A fully stretchable energy harvester for thermal waste

(Nanowerk Spotlight) Thermoelectric generators (TEGs) promise a cheap and pragmatic way to obtain energy out of waste heat. Most electronic devices develop heat that can become detrimental to their performance. Rather than cooling these systems, a better solution would be to convert the excess heat to electricity by exploiting the thermoelectric effect, where a thermal gradient induces the movement of charge carriers.
A fundamental mechanism to make use of a heat source is based on the Peltier-Seebeck effect, which states that a difference of temperature can be transformed into a difference of electric potential and vice versa. The means to produce such transformation is through special materials – known as thermoelectric (TE) materials – interconnected in a particular manner across the temperature difference. The higher the temperature difference, the higher will be the electric potential (voltage) and power output.
Researchers now have demonstrated a fully stretchable energy harvester for thermal waste, which is very simple to fabricate and uses inexpensive substrate materials such polymers or paper.
The team, led by Muhammad Mustafa Hussain, an Associate Professor of Electrical Engineering at King Abdullah University of Science and Technology (KAUST), has published their findings in Nano Energy ("Stretchable Helical Architecture Inorganic-Organic Hetero Thermoelectric Generator").
fabrication of stretchable helical thermoelectric generator
3D schematics describing the fabrication process of the stretchable helical thermoelectric generator; (a) a PMMA hard mold is prepared with a laser cutter, then (b) PDMS is applied on top to form (c) a soft mold. (d) Next the OSTE mix is prepared, applied to the PDMS mold and cured under UV light. (e) The OSTE-spirals are then carefully removed from the soft-mold and finally (f) the TE materials are deposited sequentially. (g) Digital photographs of un-stretched OSTE-based TEG with 3 TE-pairs and (c) stretched to a 100% strain. (Scale bars are 1 cm). (© Elsevier)
"The biggest challenge for us was the rigid nature of commonly used inorganic thermoelectric materials," Hussain tells Nanowerk. "The novelty of our work lies in effectively integrating the high-performance of inorganic TE materials (Bi2Te3/Sb2Te3) with the mechanical advantages of affordable organic materials and the use of innovative geometries that can be inherently stretched."
He adds that these results represent an important milestone in the power generation component of wearable and bio-integrated technologies, whose market is rapidly and continuously growing.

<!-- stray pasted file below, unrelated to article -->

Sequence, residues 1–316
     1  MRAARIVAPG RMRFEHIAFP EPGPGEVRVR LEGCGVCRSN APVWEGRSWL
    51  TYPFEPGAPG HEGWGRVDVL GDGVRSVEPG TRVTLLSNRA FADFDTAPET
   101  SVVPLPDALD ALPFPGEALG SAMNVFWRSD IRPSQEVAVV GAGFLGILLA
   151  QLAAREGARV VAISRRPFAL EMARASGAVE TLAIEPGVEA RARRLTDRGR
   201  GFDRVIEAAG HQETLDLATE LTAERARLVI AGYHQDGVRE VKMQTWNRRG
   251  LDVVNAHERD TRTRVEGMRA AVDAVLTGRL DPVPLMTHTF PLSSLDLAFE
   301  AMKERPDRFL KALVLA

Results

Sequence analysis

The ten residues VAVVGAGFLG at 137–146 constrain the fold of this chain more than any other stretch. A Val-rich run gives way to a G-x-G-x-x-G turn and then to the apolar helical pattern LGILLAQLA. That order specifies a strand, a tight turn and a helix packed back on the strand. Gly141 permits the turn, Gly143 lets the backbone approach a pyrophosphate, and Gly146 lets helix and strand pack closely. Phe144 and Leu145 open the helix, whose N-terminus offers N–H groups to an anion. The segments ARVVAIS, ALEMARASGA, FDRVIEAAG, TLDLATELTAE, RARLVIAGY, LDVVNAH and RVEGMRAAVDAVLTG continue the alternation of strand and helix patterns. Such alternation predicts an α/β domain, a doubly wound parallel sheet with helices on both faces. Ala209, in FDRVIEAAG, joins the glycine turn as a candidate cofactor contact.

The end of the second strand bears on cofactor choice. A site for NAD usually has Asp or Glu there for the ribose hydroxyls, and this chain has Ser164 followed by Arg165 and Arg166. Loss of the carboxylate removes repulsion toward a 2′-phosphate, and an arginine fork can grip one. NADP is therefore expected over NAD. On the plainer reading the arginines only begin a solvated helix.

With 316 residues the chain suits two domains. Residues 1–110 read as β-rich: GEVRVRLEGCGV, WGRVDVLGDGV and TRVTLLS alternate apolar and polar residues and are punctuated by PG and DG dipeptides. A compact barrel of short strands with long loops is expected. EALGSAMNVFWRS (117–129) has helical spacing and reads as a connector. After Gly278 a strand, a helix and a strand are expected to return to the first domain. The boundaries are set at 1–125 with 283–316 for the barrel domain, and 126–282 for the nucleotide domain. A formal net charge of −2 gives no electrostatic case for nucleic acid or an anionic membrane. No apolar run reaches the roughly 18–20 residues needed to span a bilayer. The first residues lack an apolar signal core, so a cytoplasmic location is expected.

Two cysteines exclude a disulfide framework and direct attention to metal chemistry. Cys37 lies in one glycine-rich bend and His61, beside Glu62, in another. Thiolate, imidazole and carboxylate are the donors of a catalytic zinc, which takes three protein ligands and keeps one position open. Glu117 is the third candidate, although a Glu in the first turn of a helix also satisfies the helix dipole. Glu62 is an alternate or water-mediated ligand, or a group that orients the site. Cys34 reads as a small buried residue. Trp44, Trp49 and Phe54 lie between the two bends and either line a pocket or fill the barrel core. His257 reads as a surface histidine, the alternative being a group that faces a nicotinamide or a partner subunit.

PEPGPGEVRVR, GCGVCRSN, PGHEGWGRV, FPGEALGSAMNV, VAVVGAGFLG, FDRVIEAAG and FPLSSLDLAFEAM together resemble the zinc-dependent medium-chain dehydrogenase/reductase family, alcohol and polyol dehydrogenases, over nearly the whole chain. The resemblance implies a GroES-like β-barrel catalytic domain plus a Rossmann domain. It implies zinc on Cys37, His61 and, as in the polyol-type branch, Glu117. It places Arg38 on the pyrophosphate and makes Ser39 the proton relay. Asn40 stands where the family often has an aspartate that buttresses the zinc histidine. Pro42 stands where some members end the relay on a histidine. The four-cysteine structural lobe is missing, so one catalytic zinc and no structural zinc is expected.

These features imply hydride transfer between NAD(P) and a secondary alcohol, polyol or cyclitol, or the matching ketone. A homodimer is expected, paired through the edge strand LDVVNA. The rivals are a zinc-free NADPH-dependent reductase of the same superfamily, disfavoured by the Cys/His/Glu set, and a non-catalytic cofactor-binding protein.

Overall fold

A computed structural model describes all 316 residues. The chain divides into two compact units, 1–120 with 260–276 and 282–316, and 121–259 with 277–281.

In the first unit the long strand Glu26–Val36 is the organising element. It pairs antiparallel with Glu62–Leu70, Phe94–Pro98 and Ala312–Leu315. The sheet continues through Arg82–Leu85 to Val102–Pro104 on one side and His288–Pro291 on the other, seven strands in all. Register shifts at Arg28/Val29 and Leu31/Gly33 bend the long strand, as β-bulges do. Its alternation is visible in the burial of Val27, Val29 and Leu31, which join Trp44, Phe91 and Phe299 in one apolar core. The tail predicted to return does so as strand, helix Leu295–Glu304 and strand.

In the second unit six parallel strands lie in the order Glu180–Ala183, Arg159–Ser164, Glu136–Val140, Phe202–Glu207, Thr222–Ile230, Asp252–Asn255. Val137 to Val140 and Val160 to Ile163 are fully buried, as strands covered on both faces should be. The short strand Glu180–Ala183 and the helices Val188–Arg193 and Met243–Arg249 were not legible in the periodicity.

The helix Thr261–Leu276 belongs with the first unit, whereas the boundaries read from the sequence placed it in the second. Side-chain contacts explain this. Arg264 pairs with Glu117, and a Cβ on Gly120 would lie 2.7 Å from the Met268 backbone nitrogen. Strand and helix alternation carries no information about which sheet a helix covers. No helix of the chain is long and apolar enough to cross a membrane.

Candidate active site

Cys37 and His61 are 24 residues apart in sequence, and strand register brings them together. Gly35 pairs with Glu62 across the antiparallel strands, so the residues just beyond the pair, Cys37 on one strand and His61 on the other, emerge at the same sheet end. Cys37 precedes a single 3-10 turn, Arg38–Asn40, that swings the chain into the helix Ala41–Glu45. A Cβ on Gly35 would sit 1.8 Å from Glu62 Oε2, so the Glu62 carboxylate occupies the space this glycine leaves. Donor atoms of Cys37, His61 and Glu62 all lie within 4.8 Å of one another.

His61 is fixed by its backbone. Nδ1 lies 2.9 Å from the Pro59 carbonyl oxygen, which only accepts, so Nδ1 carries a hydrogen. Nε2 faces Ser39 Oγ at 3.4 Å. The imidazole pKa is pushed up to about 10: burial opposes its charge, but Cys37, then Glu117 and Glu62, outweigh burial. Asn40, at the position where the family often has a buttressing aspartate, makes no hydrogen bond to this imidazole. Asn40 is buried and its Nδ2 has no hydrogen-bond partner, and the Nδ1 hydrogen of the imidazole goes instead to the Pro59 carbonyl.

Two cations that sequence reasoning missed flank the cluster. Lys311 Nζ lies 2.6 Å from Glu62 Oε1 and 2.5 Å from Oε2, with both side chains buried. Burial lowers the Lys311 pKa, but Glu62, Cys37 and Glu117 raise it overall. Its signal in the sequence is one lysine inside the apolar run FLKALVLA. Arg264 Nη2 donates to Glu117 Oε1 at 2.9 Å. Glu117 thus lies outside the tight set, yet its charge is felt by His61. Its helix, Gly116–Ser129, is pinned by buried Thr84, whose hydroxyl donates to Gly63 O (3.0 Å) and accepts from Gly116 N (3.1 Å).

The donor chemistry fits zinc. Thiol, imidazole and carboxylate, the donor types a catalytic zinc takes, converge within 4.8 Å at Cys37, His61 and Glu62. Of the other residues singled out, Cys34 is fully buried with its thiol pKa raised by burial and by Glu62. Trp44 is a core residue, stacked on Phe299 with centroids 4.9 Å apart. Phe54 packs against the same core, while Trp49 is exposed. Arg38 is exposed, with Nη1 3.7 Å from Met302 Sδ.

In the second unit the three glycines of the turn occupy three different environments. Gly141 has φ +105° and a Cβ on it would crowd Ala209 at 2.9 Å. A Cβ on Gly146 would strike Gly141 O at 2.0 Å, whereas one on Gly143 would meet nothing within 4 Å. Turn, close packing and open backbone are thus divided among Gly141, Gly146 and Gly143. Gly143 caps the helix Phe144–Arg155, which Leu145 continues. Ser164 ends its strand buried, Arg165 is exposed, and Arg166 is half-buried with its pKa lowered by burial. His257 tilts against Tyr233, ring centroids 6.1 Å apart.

Thanks to the inherent flexibility, stretchability and very thin body of the presented devices, they can easily be stacked or folded to achieve much higher power densities, and thus reach more beneficial power values. As a result of the devices' high elongation capacity due to the helical design, the TEG's cold side can move further from the heat source, thus causing a larger temperature difference along the TEG and leading to a higher power generation.
Furthermore, due to their mechanical advantages, these devices could to be used on wearable or even bio-integrated systems, or in highly mobile and mechanically demanding applications such as robotics and cybernetics.
"Our main achievement was to be able to adjust/stretch the length of the TE materials and thus increase the temperature difference across the device," says Jhonathan P. Rojas, now an associate professor at King Fahd University of Petroleum & Minerals, and the paper's first author. "To get around the intrinsic rigidity of commonly used, high-performance, inorganic TE materials, we achieved stretchability thanks to the mechanical properties of the structural substrate material, which mechanically supports the active TE material."
These substrates consist of inexpensive, flexible organic materials (polymers, paper) with the additional functionality of being shaped with geometries that can be inherently stretched such as spirals or helixes. Moreover, the final fabrication scheme is very simple which might lead to very affordable implementations.
"We not only demonstrated functionality and mechanical flexibility and stretchability, but also the generated power was found to increase under stretching conditions given the appropriate circumstances – the substrate material must have a low enough thermal conductivity as in the case of the used paper," Hussain points out.
Although the present device delivers relatively low power, the researchers note that this can be greatly improved by optimizating materials and processes.
Additionally, some performance degradation was observed after the device was subjected to continuous mechanical stress. A suitable approach to tackle this problem is to develop a good packaging arrangement, to not only reduce the applied stress and strain by locating the TE materials at the neutral mechanical plane, but also to protect the films from adverse environmental conditions.
Finally, out-of-the-box folding and stacking schemes through origami/kirigami techniques, can also be used to further increase power density.
The team will address these issues in the next phase of their work.
Michael Berger By – Michael is author of three books by the Royal Society of Chemistry:
Nano-Society: Pushing the Boundaries of Technology,
Nanotechnology: The Future is Tiny, and
Nanoengineering: The Skills and Tools Making Technology Invisible
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